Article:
As Africa's third-largest producer of the commodity, Libya is in the midst of attempting to repel anti-government protests of the sort that earlier this month sacked the Hosni Mubarak, the former leader of Egypt, Libya's easterly neighbor. Muammar Gadhafi, who has held the reigns of power in Tripoli for the past 42 years, has vowed to remain and not bend to the will of protestors.
"We need to have a bit more clarity on how bad this oil situation could become," David Kelly, chief market strategist at JPMorgan Funds in New York, told Bloomberg.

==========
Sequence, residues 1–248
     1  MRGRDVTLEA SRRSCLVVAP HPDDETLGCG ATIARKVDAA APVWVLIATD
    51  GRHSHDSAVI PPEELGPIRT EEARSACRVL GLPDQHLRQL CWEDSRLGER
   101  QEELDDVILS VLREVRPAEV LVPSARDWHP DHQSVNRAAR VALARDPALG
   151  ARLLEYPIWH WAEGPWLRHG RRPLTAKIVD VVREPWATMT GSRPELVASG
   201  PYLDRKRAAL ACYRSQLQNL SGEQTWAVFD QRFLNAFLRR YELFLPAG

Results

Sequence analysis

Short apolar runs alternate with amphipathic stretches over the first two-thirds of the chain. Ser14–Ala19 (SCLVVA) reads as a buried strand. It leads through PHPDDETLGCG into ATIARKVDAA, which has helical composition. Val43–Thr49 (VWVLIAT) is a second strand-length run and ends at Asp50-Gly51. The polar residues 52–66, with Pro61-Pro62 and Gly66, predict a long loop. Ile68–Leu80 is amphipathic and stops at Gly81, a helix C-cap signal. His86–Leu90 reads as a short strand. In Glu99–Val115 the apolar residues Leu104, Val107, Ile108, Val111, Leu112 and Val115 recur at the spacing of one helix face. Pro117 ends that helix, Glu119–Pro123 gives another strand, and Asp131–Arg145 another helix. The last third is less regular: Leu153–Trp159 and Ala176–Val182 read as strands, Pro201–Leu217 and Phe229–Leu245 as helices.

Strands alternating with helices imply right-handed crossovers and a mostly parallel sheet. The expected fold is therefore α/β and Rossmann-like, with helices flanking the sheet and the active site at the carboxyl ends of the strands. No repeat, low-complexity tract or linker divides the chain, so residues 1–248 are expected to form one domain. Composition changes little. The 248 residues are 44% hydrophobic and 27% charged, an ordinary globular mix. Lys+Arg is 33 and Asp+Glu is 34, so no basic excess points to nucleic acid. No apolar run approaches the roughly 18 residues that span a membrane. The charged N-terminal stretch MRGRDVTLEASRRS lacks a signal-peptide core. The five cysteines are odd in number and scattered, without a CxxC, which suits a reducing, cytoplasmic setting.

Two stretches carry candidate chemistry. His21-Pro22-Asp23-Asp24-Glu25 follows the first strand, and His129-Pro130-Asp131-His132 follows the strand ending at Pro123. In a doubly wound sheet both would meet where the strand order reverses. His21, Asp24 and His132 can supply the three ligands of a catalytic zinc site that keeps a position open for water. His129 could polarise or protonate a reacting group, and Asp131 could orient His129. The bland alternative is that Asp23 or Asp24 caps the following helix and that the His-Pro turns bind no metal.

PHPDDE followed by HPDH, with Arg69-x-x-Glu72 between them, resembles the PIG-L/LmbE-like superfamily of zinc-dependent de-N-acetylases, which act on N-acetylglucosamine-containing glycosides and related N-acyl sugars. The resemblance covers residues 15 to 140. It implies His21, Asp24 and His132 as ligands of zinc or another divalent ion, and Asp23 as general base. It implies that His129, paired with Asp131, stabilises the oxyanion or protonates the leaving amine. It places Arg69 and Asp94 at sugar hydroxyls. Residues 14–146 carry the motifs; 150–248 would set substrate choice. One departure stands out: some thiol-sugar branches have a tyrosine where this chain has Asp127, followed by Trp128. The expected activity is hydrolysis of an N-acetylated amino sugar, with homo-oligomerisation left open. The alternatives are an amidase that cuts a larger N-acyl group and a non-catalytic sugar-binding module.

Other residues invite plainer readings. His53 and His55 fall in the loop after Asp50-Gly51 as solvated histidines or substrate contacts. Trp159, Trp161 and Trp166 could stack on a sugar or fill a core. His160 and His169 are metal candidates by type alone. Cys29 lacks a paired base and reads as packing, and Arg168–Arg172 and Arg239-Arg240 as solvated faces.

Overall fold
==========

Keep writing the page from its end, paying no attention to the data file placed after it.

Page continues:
Shortly before noon on Thursday, Brent crude oil futures were up 2.62 percent, a $2.91 increase to $114.16 per barrel.
"Fear itself in the oil markets is a very dangerous thing," Kelly told the news service. "In the long run, I don't see the world oil production being affected. If what's going on isn't enough to derail what seems to be a strengthening U.S. expansion, then, it's just a minor correction, not another bear market."
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